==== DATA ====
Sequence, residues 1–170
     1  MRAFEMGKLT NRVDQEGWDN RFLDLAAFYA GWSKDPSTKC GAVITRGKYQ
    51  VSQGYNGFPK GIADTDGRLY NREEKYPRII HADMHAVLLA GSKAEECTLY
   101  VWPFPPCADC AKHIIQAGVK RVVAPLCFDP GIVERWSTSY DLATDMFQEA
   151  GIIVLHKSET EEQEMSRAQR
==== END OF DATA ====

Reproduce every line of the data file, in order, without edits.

Sequence, residues 1–170
     1  MRAFEMGKLT NRVDQEGWDN RFLDLAAFYA GWSKDPSTKC GAVITRGKYQ
    51  VSQGYNGFPK GIADTDGRLY NREEKYPRII HADMHAVLLA GSKAEECTLY
   101  VWPFPPCADC AKHIIQAGVK RVVAPLCFDP GIVERWSTSY DLATDMFQEA
   151  GIIVLHKSET EEQEMSRAQR